Photo Gallery - Looking back on 1913

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E T Johnson Building

Rose Ferguson

Fatal Balloon Ascension
Rex Hotel
4th of July
Shevlin Mill
gun club
Vote for Women

1913 - A Year of Innovations -

The Ford Motor Company introduced the first moving assembly line, the Panama Canal opened after years of construction and the first portable phonograph was manufactured. The 16th amendment was ratified and Federal income tax was signed into law, allowing the IRS to levy and collect income taxes for the first time.

In 1913, artists Pablo Picasso and Henri Matisse were introduced to the American public, Charlie Chaplin began his film career, and the first ever crossword puzzle was published in the New York World.

Two future U.S.  Presidents, Richard Nixon and Gerald Ford, were born as was the future civil rights activist Rosa Park.  Death came to author Harriet Tubman and financier J.P. Morgan.

On the local scene the area continued to recover from the devastating forest fire that swept through the region in 1910. In early spring preparations began for the construction of a new hotel where the Collin’s Hotel once stood. The establishment, built by the Rex Brewing Company of Duluth, would be called The Rex Hotel.  The building was completed and open for business by the end of the year.

The sale of the Shevlin-Mathieu Sawmill in Spooner and all other Shevlin interests in the area to the Backus and Brooks Company of International Falls made huge headlines that spring..  The deal included the Queen River Hotel and about forty residences in addition to the mill property, all lumber, standing timber and lands. Backus renamed the mill the International Lumber Company and promised to enlarge the capacity of the plant and develop a market for popular and other soft woods that grew in the area. He was also erecting a large paper mill upriver at Fort Francis, Ontario.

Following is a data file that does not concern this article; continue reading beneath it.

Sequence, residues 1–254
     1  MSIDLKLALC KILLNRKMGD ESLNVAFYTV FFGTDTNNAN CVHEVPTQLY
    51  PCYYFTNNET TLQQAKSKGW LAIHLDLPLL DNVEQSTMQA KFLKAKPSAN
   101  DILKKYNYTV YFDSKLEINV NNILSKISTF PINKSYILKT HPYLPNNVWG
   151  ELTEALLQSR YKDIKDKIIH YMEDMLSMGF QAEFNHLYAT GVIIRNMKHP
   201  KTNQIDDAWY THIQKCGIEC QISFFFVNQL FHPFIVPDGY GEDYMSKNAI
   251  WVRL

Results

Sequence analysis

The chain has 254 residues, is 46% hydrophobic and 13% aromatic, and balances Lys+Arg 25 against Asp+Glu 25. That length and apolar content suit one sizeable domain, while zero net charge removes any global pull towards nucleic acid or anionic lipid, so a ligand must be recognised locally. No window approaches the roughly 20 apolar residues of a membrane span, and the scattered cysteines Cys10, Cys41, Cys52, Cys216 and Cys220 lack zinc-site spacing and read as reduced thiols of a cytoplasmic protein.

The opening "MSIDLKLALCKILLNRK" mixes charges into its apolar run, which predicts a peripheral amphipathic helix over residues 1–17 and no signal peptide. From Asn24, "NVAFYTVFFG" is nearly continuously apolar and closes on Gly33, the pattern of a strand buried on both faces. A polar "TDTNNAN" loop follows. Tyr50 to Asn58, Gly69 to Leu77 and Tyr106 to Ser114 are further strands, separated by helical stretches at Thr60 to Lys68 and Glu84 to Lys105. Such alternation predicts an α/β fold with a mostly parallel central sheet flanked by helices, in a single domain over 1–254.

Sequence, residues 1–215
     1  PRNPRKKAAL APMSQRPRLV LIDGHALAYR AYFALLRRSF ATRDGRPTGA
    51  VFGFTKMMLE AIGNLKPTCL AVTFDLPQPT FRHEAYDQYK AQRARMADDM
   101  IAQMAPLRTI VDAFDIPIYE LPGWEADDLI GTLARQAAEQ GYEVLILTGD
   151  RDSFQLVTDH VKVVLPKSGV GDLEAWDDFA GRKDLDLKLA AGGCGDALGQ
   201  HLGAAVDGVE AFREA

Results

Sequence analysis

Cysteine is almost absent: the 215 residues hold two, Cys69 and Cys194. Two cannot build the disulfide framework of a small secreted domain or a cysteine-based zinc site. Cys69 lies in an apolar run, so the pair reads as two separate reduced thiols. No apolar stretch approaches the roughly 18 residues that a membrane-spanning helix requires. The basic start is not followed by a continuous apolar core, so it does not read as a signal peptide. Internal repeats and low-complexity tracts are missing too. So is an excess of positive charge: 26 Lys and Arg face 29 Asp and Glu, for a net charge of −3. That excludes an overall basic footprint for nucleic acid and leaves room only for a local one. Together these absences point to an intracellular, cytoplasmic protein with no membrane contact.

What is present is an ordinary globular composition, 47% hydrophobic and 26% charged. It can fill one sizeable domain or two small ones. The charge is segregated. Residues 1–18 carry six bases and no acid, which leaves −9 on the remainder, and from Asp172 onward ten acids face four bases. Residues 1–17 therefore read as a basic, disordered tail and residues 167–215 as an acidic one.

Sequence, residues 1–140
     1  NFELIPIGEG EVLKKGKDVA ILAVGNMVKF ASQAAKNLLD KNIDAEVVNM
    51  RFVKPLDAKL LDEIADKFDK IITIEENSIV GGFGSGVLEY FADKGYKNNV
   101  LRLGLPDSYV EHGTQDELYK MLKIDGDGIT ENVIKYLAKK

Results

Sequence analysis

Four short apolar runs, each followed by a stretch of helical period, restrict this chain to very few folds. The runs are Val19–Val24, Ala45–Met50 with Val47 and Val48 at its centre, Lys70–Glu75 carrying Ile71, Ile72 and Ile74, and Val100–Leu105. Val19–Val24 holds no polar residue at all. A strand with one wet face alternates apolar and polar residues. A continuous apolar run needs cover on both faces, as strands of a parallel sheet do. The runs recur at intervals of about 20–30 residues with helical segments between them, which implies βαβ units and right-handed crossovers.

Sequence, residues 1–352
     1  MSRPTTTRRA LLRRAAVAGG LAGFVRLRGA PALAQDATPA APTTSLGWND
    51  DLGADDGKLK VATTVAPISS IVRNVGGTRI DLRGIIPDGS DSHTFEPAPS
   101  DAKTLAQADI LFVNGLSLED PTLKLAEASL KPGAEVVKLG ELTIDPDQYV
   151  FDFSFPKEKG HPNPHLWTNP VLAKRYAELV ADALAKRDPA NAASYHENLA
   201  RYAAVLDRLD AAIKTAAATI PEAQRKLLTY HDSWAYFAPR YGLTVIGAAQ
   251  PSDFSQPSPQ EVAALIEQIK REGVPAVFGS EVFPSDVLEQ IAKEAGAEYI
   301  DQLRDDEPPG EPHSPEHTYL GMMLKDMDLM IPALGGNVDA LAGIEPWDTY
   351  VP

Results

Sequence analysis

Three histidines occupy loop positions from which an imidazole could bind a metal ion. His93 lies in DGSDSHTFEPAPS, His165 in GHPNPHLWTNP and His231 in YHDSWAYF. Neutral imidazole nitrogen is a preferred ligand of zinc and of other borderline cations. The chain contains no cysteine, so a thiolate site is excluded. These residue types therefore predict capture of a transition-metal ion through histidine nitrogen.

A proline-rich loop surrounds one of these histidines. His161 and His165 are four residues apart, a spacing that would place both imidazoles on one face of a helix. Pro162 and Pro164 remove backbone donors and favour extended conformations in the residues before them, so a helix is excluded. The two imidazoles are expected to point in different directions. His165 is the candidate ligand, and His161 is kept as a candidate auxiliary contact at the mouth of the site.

The Baudette Public Library opened its doors in June to the delight of local readers.  The board intended to enlarge the size of the reading rooms as quickly as possible.

Innovation continued as the Cloverleaf Creamery built their first building in Baudette and the Baudette Bottling Work, a soft drink factory, opened its doors. In Williams the Mothers and Daughters Club was organized and in nearby Graceton, Mrs. J.B. ( Rose) Ferguson had an article she had written entitled “The Revolt of the Farmer’s Wife” published in the nationally popular Harper’s Bazaar magazine.

By mid-summer an auto road was completed from Baudette to Clementson and telephone lines were being laid by the forestry service along the newly constructed Ditch 13. The line would be extended to connect the post offices at Hay Creek , Baldus, and Wayland with the line at Fairland. In August, the cornerstone of the Congregational Church at Birchdale was laid with Reverend Lesher of Minneapolis giving the address.

At year’s end, the town turned out for the opening of the new Rex Hotel , a three story brick building erected on Main Avenue in Baudette by the Duluth Malting and Brewing Company. The Rex, faced with Menomonie pressed brick and having all rooms fitted with individual bathrooms that supplied hot and cold running water, was a building in which the city could accommodate its guests with pride.

The first snow fell on December 26th and brought cheer to citizens who feared that a winter without snow would result in a shortage of timber products and fewer jobs in the spring.  As 1913 passed quietly into history, the settlers and townspeople continued their efforts to tame the wilderness and eke out a living in the northland.





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